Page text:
Outside of combat, intermission segments give you a chance to chill out and vibe with your team by giving them gifts (which decorate the hub permanently, it's really neat!) or hearing what they have to say in bond episodes. By improving your friendship through gifts and combat, your teammates will open up to you, telling you their life stories and seeking your help in improving them. This is where a majority of the game's character development lies, so it's an optional thing that kinda feels mandatory. These episodes are well worth it though and feature compelling arcs unique to each protagonist due to their differing relationships with each character. For example, the mysterious, oftentimes obnoxiously indirect Kagero tries to be something of a father figure to Kasane for personal reasons, whereas his relationship with Yuito is far more fragile as a result of his dangerous line of work forever changing Yuito's life. Shiden is an absolute asshole to both characters due to his inferiority complex, but as her teammate, Kasane takes more time to understand where he comes from whereas Yuito finds it harder to break the ice because of his privileged background as part of the Sumeragi family. Every bond episode is notable and compelling and you're likely to think very differently of each character by the time you're done. These scenes can get incredibly long though, so having to do four or more in between every chapter can get tedious fast. These segments actually take up a significant amount of the play time if you want them to and that can often be detrimental to the game's pacing. The stories here are interesting and give a lot of extra life to an already exuberant cast, but it'd be nice if they were spread out a bit more or were perhaps more consistently interactive. It's a similar problem to Tales of Arise - the actual quality of the writing is very solid, it's just the lack of space between so much of it makes it feel worse than it actually is.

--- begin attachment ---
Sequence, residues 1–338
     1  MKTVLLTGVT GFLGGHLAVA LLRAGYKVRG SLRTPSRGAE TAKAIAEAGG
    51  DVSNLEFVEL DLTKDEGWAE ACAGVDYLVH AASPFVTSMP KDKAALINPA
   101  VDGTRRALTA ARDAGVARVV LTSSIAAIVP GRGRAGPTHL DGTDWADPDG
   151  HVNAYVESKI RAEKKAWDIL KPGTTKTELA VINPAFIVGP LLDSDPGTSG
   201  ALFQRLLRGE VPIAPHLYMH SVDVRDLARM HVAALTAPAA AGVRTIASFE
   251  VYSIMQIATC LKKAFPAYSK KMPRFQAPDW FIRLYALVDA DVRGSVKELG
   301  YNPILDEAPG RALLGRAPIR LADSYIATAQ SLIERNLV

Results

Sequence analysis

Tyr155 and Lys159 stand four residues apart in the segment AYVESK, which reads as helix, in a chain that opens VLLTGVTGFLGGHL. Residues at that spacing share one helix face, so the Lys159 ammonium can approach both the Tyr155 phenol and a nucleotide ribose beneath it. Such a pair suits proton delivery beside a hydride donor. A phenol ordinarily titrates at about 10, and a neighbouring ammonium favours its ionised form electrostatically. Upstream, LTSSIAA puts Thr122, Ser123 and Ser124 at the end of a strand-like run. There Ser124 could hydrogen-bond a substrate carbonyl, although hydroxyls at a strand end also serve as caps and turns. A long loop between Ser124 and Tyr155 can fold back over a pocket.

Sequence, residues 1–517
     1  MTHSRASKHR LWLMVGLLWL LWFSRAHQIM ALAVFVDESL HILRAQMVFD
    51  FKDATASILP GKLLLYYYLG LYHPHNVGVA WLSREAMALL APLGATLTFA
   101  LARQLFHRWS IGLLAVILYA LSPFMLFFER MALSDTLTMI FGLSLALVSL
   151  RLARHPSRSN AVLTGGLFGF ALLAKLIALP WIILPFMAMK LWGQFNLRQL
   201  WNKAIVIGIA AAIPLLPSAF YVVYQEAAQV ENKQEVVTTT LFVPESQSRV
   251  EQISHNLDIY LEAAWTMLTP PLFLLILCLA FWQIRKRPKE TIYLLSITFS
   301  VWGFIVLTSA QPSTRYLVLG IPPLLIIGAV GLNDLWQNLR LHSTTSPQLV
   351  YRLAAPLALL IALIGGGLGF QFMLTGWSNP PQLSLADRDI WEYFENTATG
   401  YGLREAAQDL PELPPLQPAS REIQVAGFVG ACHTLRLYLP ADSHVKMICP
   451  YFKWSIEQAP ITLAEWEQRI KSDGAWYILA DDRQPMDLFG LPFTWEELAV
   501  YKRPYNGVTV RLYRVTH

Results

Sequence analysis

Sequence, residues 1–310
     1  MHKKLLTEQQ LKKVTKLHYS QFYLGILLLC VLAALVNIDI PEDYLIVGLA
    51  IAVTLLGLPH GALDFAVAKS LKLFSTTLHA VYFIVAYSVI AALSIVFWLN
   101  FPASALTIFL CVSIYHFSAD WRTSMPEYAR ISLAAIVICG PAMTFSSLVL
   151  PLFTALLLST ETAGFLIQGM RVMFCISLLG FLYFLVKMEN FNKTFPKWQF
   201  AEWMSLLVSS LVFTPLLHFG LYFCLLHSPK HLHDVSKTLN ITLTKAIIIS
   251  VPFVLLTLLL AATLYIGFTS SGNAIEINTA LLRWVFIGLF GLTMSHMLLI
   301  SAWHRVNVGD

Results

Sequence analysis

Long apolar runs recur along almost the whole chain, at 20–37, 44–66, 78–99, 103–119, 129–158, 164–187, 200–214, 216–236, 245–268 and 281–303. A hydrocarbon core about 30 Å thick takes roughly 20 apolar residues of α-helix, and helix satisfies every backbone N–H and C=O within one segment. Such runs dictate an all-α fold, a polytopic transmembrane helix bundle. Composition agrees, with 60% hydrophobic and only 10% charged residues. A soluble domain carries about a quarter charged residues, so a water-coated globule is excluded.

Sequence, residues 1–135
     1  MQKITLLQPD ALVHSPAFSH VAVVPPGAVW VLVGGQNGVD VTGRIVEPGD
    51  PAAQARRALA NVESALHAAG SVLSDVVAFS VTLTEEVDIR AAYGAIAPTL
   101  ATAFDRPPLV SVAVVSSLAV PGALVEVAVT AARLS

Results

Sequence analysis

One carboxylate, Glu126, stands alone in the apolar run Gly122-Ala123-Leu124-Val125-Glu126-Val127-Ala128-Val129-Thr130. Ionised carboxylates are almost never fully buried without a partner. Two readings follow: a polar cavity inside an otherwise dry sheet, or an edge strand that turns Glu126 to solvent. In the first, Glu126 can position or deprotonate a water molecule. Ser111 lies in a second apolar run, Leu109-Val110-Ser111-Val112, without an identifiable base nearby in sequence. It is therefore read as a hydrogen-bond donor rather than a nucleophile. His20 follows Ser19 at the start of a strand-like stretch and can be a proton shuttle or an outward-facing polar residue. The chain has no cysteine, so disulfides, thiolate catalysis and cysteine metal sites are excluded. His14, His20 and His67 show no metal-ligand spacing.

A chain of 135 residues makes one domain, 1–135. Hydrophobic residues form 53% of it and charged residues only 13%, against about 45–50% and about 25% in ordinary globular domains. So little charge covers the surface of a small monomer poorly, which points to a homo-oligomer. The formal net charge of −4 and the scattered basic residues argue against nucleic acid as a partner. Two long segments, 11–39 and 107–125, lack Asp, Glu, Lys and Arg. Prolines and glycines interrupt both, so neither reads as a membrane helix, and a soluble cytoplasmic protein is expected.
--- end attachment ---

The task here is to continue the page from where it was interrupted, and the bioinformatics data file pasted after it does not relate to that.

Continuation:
Scarlet Nexus is easily one of the best games of 2021. Everything about it comes together in a package that's both incredibly cool and substantial, featuring stories and characters with relatable themes like finding your place in the world and learning to trust others that you likely won't forget. Combat is satisfyingly deep and only grows moreso with time, making you feel like a pro as you eradicate foes with the power of teamwork and public transit. If the pacing was better, namely with less exposition dumped all in one scene, more spread out bond episodes, and some of the later levels cut down slightly, it'd probably be a perfect game for me! If you enjoy action RPGs and want something that feels familiar in its coziness yet fresh in its action packed execution, don't sleep on this one.